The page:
Respectable Servitors, Obedient Men, and the Autocracy’s Administrative Ideal

  • Rebecca Friedman


In the 1835 ‘Instructions to the University Student Inspector,’ the Russian university administration defined its educational priorities:

A good moral sense for student youth is the most loyal and singular pledge [necessary] not only for success in studies, but also for the achievement of the Government’s goals in education: to be true sons of the Church, faithful servants of the Throne, and useful citizens of the Fatherland.3


State Student Chief Inspector Educational District Civilize Mission Disciplinary Code 
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  1. 2.
    Konstantin Aksakov, Vospominaniia studentchestva (St Petersburg: ‘Ogni,’ 1910), 11.Google Scholar
  2. 4.
    Historians who emphasize the repressive nature of Nicholaevan educational policy include: Allen Sinel, The Classroom and the Chancellery: State Educational Reform in Russia under Count Dmitry Tolstoi (Cambridge, MA: Harvard University Press, 1973);CrossRefGoogle Scholar
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  4. 5.
    When Alexander I came to power in 1801, he set about the ambitious goal of reforming the autocratic administration; for this he knew he would need cadres of educated men to carry out his ambitious plans. Marc Raeff explores the importance of education for the state in his essay in Interpreting Imperial Russia: Education, Culture and Society in Tsarist Russia (Chicago: University of Chicago Press, 1979).Google Scholar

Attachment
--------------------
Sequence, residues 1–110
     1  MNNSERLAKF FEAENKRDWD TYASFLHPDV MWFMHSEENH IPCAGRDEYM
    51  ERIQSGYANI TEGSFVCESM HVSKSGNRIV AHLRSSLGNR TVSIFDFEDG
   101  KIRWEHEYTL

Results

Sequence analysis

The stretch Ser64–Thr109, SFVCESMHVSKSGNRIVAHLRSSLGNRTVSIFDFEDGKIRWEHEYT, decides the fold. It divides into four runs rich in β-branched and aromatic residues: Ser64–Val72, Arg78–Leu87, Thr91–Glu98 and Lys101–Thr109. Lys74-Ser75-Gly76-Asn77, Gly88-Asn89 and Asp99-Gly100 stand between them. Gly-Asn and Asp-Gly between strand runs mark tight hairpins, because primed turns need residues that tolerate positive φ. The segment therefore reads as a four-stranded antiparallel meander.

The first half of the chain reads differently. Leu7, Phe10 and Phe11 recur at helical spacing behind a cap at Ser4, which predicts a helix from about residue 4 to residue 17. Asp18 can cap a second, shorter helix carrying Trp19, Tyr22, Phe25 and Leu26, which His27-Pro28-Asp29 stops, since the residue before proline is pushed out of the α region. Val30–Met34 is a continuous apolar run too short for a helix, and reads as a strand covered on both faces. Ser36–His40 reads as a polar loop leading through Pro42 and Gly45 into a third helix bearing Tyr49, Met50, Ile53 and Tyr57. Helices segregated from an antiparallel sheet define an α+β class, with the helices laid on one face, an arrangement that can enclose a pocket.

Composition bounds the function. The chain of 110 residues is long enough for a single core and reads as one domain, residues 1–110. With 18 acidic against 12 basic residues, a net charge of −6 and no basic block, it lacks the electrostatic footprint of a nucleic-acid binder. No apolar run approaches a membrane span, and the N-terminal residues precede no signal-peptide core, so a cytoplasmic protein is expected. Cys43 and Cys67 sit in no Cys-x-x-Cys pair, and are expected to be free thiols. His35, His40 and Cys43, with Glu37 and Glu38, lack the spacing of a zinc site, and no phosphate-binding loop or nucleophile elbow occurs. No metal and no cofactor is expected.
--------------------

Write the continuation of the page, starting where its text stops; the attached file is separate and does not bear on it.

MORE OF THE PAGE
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    Walter Pinter, ‘Evolution of Civil Officialdom, 1755–1855.’ In Russian Officialdom: The Bureaucratization of Russian Society From the Seventeenth to the Twentieth Century (Chapel Hill: University of North Carolina Press, 1980), 209. The 1804 Kazan’ and Kharkov University statutes were identical to the Moscow statute (St Petersburg University was not officially established until 1819). See Sbornik rasporiazhenii po ministerstva narodnogo prosveshcheniia, vol. 1 (St Petersburg, 1866), 295–331.CrossRefGoogle Scholar
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  9. 8.
    In 1722, after studying foreign bureaucracies, Peter the Great introduced the Table of Ranks to Russia. The Table arranged rank in the three branches of service — military, civil, and court — into 14 levels. In theory, every nobleman and commoner, regardless of social position, could work his way up the ladder from rank 14 to the top (although they would have had different starting points). The system lasted until 1917. Richard S. Wortman, The Development of a Russian Legal Consciousness (Chicago: University of Chicago Press, 1976), 48;CrossRefGoogle Scholar
  10. and Daniel R. Brower, Training the Nihilists: Education and Radicalism in Tsarist Russia (Ithaca, NY: Cornell University Press, 1975), 35. Spravnitel’naia tablitsa ustavov un-tov: 1884, 1863, 1835, 1804 (St Petersburg, 1901);Google Scholar
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    There is a discussion of Kazan’ students’ bad behavior in James T. Flynn, ‘Magnitskii’s Purge of Kazan’ University: A Case Study in the uses of Reaction in 19th-century Russia,’ Journal of Modern History 43, no. 4 (December 1971): 598–614. As Flynn explains, student disciplinary troubles became so widespread that in 1816 the faculty protested against students’ unruly behavior and also complained to the central administrative authorities that they could not control the students.CrossRefGoogle Scholar